Saturday, April 7, 2018

Three Films Make A Post: See these incredible scenes before your unbelieving eyes!

November Criminals (2017): Sometimes, one really wonders why certain films don’t come together as well as they should. This one clearly has a decent enough budget, features a good cast with Ansel Elgort, Chloe Grace Moretz as well as Catherine Keener and David Strathairn in the unthankful parent roles, the script is written by well-known professionals, and Sacha Gervasi’s direction does not suggest a lack of talent. Still, what all the talent before and behind the camera adds up to is a film that seemingly can’t decide what kind of movie it is, what it is actually about, if it has a point, or what that point might be. There are a few intriguing, or at least interesting subjects broached, but the film never really hones in on one (or just a couple), instead wandering from one idea to the next with all the focus of a toddler distracted by the next shiny thing. There’s so much less substance in here than you’d expect, it becomes rather annoying right quick.

Hellstone (2016): In comparison, this little German microbudget horror movie about a guy stumbling through a patch of woods fighting off demons directed by Andreas Tom seems laser-focused. It is clearly inspired by spirit and body of the original Evil Dead (as is only right and proper) but does feature a couple or three ideas of its own. The film nicely concentrates on the things it’s got going for itself – a claustrophobic cabin (set), woods, one and a half actors who are decent, a handful of pretty great practical effects, and people behind the camera who do know what they are doing – using them with a complete lack of pretension but a degree of style and what feels like quite a bit of enthusiasm. It’s not the sort of film that’ll have anyone re-writing the history of horror, but it’s fun and suggests a degree of care from its makers; not something I’d say about many German microbudget films.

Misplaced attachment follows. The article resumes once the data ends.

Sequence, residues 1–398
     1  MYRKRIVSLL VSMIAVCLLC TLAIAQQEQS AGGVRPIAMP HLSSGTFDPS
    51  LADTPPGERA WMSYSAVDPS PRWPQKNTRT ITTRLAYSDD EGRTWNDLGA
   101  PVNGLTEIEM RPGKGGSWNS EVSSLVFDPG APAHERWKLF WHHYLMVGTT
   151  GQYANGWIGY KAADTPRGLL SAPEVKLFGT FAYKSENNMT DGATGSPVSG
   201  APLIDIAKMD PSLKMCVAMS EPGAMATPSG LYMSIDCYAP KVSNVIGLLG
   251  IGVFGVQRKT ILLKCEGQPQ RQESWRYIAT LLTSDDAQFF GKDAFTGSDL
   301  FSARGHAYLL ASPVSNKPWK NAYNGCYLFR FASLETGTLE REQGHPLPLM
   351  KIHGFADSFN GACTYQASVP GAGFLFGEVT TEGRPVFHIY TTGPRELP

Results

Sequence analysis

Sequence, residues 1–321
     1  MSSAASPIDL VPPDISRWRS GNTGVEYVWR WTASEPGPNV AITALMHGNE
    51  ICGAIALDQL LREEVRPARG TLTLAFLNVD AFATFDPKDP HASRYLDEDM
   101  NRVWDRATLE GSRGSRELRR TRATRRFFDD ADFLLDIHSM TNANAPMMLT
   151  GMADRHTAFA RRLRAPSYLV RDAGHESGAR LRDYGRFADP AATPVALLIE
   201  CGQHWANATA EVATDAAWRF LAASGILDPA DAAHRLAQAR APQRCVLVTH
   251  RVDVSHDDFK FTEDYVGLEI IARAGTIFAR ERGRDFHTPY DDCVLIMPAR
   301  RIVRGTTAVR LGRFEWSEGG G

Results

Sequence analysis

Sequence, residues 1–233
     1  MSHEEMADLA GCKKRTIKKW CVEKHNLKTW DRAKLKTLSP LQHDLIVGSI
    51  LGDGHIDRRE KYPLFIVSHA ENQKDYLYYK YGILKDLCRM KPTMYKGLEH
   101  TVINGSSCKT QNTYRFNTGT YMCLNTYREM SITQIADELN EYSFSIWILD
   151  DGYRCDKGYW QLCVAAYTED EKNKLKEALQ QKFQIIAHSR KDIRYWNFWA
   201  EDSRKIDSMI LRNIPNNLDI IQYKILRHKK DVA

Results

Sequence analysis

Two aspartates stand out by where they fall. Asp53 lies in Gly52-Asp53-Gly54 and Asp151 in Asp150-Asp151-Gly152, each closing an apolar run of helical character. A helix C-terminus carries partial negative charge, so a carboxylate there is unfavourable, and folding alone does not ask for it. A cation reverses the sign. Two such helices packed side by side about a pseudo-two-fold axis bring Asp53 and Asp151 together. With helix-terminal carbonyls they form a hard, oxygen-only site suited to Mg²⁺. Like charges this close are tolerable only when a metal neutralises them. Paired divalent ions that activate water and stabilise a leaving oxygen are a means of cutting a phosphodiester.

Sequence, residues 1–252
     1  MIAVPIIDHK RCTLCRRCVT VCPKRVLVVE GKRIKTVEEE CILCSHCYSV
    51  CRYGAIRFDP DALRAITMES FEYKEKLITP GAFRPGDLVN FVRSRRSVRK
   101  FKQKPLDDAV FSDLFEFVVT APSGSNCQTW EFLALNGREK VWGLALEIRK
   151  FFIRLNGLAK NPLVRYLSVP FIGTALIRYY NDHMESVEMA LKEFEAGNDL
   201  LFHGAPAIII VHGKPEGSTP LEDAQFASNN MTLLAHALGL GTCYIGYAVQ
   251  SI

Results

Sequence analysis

The Dark Tower (2017): But back to the bad stuff, or really, the completely puzzling stuff. I don’t understand why anyone would buy the rights to Stephen King’s Dark Tower cycle and then turn its first part into a painfully generic bit of YA fantasy in which the supposedly central Gunslinger Roland (a wasted Idris Elba) becomes a side-character in the yawn-inducing story of some kid (Tom Taylor) the film never bothers to give me any reason to care about discovering how very special he is.

Now, if it were a good YA movie, I’d still be puzzled but at least feel entertained, but standing between entertainment and me are a near complete lack of dramatic tension, the usual dependence on the Hero’s Journey trope even if it makes no sense in context, lackluster production design, a mechanically creaky script and Matthew McConaughey playing the villain Walter/The Man in Black as if he were the bad guy in a kid’s TV show.

Honestly, I have no idea what this is supposed to be, for whom it was made, or why anyone should watch it.

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